While Steven's mother, Rose Quartz, died long before the events of the show, we get to know her through the people who loved her, and no one loved her longer than Pearl. Pearl's love and devotion to Rose Quartz defines her character for so much of the show, and at no point is that love presented as anything other than romantic. In fact, there is even an episode and song built around Pearl coming to terms with Rose having chosen Steven's father instead of her.
Eventually, Pearl does move on past her unrequited love. She is shown crushing on a human woman, and eventually having a whole fan club of humans whose numbers she collects. Although we don't ever see if Pearl ends up in a romantic relationship with any of these admirers, we do find out by the time Steven Universe Future wraps up, that it's not just humans who have an eye for Pearl, but one Gem in particular.
Although she spent much of the series in a bubble, Bismuth is another awesome LGBTQ+ character from this series. Bismuth was an old war buddy to the Crystal Gems who ended up in a bubble thanks to her desire to shatter the Diamonds. It took a lot of big reveals, and the impending wedding of Ruby and Sapphire, but eventually she was brought back as a permanent addition to the team. After some comments suggested Bismuth might just have a crush on Pearl, she admits as much in Steven Universe Future.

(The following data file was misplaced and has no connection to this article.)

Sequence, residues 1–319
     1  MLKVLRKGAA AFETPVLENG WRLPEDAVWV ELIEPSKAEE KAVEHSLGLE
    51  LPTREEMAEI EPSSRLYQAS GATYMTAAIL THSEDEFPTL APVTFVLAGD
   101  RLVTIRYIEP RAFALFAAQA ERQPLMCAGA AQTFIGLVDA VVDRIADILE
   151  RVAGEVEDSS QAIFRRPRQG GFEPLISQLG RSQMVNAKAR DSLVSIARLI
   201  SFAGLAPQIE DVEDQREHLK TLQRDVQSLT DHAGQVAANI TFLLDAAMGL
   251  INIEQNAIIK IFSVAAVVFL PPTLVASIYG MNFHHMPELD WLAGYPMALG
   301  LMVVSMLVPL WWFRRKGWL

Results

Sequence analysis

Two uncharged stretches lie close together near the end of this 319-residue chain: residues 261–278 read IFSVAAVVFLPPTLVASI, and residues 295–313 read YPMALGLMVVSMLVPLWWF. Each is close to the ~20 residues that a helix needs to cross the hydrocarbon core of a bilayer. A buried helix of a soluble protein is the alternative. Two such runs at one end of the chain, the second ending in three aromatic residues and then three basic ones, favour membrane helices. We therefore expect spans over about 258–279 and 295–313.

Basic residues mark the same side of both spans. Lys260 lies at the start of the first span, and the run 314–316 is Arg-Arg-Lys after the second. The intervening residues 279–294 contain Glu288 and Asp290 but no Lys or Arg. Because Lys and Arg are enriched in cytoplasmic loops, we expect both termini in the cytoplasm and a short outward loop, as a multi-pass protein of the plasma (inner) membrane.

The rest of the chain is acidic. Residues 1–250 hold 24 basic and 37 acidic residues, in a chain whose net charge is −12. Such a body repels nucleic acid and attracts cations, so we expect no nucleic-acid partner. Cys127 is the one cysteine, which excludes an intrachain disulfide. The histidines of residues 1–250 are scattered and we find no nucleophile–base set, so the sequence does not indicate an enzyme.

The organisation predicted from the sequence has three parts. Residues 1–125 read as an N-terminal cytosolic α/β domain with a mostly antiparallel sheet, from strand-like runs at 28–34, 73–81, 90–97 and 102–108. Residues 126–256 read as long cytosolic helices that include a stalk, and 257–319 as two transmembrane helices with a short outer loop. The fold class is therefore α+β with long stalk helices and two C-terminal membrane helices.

And me? I just want to know what their fusion would be called!
Even when it comes to background characters or side characters that only show up in one or two episodes, Steven Universe continued to provide LGBTQ+ representation. Take the introduction of Shep, a non-binary character who was introduced as Sadie's partner in Steven Universe Future. Shep only speaks in one episode, but their inclusion — and the fact that their being non-binary didn't need to be explained with Gem magic and wasn't a plot point — was great for many of the enbies watching.
Steven Universe, Steven Universe Future, and even the Steven Universe comics are all over now. Fortunately, the work Rebecca Sugar and their crew did in getting LGBTQ+ representation on air has helped so many other creators showcase their own LGBTQ+ characters. There are lots of LGBTQ+ inclusive shows to watch after you've finished Steven Universe and more coming every day. The future is definitely bright!